By Anton Chekhov
By Anton Chekhov
Though the script remains faithful to Chekhov’s original text, director Gavin McAlinden’s adaptation subtly displays a commendably playful and progressive approach. Members of the battalion are kitted out with modern camouflage uniforms and AK-47s, and a soundtrack of 80s new wave pop from the likes of Altered Images and Joy Division lends a cool edge to the stuffy Imperial setting.
An unforgettable scene takes place in Act 4, ‘The reception area of the Lebedev’s’ where Alexander Neal (as Nikolai) takes centre stage and confesses the unchanging defeat that has finally overtaken his life. With tears of desperation, the audience is stilled by the sheer vulnerability of the troubled man; he suffers alone. Ivanov may not be a frequently performed Chekhov play, but Gavin McAlinden takes it to new heights. Highly recommended!
Ben Scheck, most probably the first black actor to play the part, steals the show as Lord Goring. Played with charisma, it is Goring that gets many of the laughs. Natalie Rachel Plunga plays calculating blackmailer Mrs Cheevley with almost chilling mischievousness, and although she features little, Faye Maughan lights up the stage.
There were outstanding performances. The leads – Kathryn McCartin (Pegeen Mike) and Adam Henderson-Scott (Christopher Mahon) sustained and developed complex and substantial roles with verve and virtuosity. Tommy Walsh ingeniously built a comic masterpiece with the role of Shawn Keogh. Claire Conroy was an excellent Widow Quin – an interesting casting moving away from older, plainer choices thereby creating a very different dynamic. Able support was given by the company with some particularly good work from Eric Keogh as Jimmy Farrell. Proceedings were enlivened by traditional music and dance.
An Ideal Husband
By Oscar Wilde
The Playboy of the Western World
By J.M. Synge
Reviews of some of our recent productions.
90% of our reviews have been 4/5 Stars - see below just a few examples.
"THIS country’s arts needs more people like Gavin McAlinden. Individuals who want to encourage actors to fulfil their talent. Incubators." Close-Up Culture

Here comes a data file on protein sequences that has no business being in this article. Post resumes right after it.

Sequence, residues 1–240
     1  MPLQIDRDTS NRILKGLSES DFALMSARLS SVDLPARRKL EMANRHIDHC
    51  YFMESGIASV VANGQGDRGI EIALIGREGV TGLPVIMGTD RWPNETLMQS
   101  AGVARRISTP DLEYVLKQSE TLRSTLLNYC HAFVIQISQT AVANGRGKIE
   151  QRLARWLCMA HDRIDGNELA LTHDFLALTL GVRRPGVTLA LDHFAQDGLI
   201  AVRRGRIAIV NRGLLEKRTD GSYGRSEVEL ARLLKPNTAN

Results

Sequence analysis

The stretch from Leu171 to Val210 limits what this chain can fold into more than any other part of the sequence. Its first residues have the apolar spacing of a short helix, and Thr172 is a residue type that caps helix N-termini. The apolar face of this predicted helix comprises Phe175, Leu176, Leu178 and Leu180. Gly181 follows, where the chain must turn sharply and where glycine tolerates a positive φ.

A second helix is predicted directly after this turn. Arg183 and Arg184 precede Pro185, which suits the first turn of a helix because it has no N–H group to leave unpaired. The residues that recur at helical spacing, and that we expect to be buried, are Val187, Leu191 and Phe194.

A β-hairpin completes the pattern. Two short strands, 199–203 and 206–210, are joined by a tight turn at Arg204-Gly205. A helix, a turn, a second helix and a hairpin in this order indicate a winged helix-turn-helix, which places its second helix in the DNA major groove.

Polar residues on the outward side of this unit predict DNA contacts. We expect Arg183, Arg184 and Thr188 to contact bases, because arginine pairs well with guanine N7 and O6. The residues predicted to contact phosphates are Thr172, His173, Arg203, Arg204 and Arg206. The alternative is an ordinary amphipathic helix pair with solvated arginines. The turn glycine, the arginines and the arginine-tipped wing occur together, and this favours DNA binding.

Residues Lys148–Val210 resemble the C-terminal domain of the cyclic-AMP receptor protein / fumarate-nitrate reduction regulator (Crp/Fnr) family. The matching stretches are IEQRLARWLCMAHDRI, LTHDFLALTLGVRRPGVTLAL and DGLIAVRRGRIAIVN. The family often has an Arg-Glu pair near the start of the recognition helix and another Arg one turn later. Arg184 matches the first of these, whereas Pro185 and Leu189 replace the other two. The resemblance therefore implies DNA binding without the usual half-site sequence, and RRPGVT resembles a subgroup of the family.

ANTONY AND CLEOPATRA
A FLEA IN HER EAR
“A wonderfully diverse cast, and a mix of accents really make this four hundred year old play feel contemporary”
A Midsummer Night’s Dream is perhaps Shakespeare’s greatest comedy. In this production, The Acting Gymnasium puts a refreshingly new spin on the classic play by setting it in a modern day music festival. As a theme this works extraordinarily well; the use of contemporary music and recreational drugs are particularly clever additions.
A large part of the effectiveness of this piece is due to Gavin McAlinden’s direction. There are a number of particularly impressive directorial choices. From the beginning members of the acting troupe are dispersed throughout the auditorium, this helps bring the audience into the action and seem less like uninvolved spectators. The use of the fairly small performance space at Theatro Technis is also clever, with the four doors around it used almost constantly throughout, creating an illusion of the action taking place in a much larger space.
Meanwhile the actors work as an extremely strong ensemble. The scenes in which the cast are all called upon to create the atmosphere of a music festival are brilliantly performed. As an audience member it suddenly brings us back to the setting of the play, which can be forgotten while concentrating on the meaning of the Shakespearian text. One criticism however, is that iambic pentameter is quite often forgotten about, though this could be a directorial choice to keep in with the modern theme.
The four lovers’ performance becomes particularly strong during the scenes where chaos descends. Their insults are filled with punch and truly feel as though they understand exactly what they are saying, something that is notoriously difficult to achieve with Shakespeare. For me, Thomas Witcomb’s portrayal of Bottom is particularly strong. His grasp of the humour in the text is fantastic and his performance in the ‘play within the play’ is hilarious.
As for the technical aspects of the show, the set is basic but I don’t really believe this is a performance that needs a detailed set as it relies more on the actors to make the audience believe where they are. I did find the lighting a little unexciting due to the slightly dim general wash that was used for the majority of the performance, even a small difference in the brightness could have added more to this excellent show. It was also quite hard to understand why the house lights remained up for the beginning of the first scene, to me this just led to the audience not being immediately sucked into the action.
Overall this is Shakespeare for the modern day. It’s not magical plants, but drugs causing the confusion. A wonderfully diverse cast, and a mix of accents really make this four hundred year old play feel contemporary. The Acting Gymnasium have created an excellent performance that reflects our society. As they say in their programme, this truly is “Shakespeare for a Camden audience.”
Reviewed by Katie Douglas